On2 Throws More Open-Source at MPEG-4

Compression technology company On2 Technologies , fighting
for more acceptance of its VP3 open source codec, has joined forces with
open source foundation Xiph.Org Foundation
to build a royalty-free streaming media platform.

The decision to combine its source code with Xiph’s Ogg Vorbis, which offers a
royalty-free audio compression platform similar to MP3, is yet another shot
across the bow of the competing multimedia streaming standard MPEG-4.

With major patent holders of MPEG-4 close to announcing new licensing fees
for media players that deploy the proprietary MPEG-4 formats (which compete
with On2’s codec), On2 is joining forces with a larger open source movement
to counter the move.

“This is the first full multimedia platform available to the open source
community,” said Douglas A. McIntyre, president and CEO of the New
York-based On2 Technologies.

In order to offer one-stop shopping for a soup-to-nuts streaming platform,
On2 has added its VP3.2 open source video compression with Ogg Vorbis’s
audio encoding and streaming platform. The New York-based On2 is also
throwing in its TrueCast5 video player and VPVision personal video recorder

The idea is to get the developer community to adopt the streaming platform
as an alternative to MPEG-4, whose patent-holders in the group have mulled a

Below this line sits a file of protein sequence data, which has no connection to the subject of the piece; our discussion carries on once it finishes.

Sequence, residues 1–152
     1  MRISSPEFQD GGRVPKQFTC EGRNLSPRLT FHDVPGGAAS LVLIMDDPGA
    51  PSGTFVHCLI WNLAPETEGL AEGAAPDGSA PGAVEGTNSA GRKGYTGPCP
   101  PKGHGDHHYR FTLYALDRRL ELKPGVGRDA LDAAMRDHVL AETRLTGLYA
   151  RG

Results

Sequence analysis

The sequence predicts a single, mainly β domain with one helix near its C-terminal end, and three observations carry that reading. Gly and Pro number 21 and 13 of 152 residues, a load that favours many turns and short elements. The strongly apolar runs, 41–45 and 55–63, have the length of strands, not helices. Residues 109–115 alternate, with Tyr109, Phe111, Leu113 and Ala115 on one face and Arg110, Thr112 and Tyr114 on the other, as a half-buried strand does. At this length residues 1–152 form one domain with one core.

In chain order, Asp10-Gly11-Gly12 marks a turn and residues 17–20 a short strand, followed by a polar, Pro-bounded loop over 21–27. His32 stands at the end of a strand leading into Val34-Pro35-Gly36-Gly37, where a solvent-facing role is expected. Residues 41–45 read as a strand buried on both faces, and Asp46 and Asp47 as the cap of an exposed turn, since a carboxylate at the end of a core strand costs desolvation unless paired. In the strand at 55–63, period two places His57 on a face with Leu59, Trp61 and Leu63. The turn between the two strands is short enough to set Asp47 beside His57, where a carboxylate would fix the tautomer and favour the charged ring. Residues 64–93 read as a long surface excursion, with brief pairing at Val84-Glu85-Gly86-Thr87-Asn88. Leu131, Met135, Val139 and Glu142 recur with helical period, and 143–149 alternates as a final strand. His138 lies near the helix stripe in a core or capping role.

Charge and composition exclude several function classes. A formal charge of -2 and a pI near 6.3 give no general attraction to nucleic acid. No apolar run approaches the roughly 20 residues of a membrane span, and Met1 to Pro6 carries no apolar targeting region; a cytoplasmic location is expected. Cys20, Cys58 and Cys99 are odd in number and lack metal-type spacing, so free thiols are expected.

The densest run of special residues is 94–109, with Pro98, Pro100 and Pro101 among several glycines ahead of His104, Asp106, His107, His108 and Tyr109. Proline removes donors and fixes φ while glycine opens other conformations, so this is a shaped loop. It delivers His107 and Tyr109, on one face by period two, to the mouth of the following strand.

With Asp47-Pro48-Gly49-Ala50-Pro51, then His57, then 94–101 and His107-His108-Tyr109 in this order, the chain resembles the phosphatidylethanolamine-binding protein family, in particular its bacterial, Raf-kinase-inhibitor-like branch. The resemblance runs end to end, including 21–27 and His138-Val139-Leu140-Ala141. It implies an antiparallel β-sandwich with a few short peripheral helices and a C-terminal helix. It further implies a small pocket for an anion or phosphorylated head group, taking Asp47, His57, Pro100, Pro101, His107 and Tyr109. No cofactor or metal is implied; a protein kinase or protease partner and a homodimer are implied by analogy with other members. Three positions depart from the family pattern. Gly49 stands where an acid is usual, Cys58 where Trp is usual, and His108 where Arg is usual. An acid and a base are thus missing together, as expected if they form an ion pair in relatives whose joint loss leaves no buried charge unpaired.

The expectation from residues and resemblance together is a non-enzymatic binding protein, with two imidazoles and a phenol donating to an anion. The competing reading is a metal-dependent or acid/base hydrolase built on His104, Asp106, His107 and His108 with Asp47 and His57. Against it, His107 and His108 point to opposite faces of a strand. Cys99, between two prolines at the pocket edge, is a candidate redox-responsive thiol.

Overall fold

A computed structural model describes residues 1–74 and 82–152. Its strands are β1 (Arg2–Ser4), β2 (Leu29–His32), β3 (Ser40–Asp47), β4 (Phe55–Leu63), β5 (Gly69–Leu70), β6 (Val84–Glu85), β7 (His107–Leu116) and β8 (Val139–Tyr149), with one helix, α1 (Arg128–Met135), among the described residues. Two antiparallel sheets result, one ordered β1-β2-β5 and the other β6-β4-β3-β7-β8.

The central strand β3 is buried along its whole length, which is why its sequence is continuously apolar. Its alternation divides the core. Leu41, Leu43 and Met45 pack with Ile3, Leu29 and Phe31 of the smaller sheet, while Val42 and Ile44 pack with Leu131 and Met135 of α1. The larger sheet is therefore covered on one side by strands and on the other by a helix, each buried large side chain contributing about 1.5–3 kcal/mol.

license fee of 25 cents per each product that deploys the standard, such as
encoders and decoders, with a cap of $1 million on fees each year.

Instead, On2 is pitching a streaming platform “free of the licensing fees
that have plagued the MPEG-4 initiative,” said McIntyre.

But the collaboration has more to do with “killing off license fees,” added
Xiph.org Foundation CEO Emmett Plant.

“It’s also about giving people the ability to download, modify and
distribute the VP3 source code with wild abandon. We’re extremely happy to
be working with On2 on this project. We’re not just developing a great
multimedia platform, we’re doing it in a way that will satisfy and empower
the open source community.”

On2 open-sourced VP3 in September, 2001 and since then over 20,000 companies
and software developers have downloaded the license and source code. In the
same amount of time, Ogg Vorbis has been downloaded over 250,000 times.

Intel has already given On2’s VP3 codec its blessing, saying in December
that it has the potential to become “the MP3 of video.”

Now, added McIntyre, it’s all on one site — PVR, video, audio, “and it’s all interoperable, so you don’t have to wander around and try to assemble it all yourself.”

On2’s VP3.2 video compression codec is among most efficient available to the
open-source community. Higher versions of the technology (which have not
been open-sourced) are in use by Apple and RealNetworks media players.

Vorbis is part of a group of “Ogg” multimedia coding formats offered by the
Xiph.Org Foundation, a non-profit devoted to creating and maintaining open
standards in multimedia.

On2’s latest move comes about three months after it asked the
Department of Justice to look into whether MPEG-4 patent holders are forging
monopoly practices in multi-media technology.

In a letter addressed to Charles James, assistant attorney general of the
U.S. Department of Justice, video compression company On2’s McIntyre railed
against the MPEG LA, asking that the consortium’s license be terminated on
the grounds that it has crafted a monopoly in the digital video broadcast
market. The DOJ is said to be reviewing the letter.

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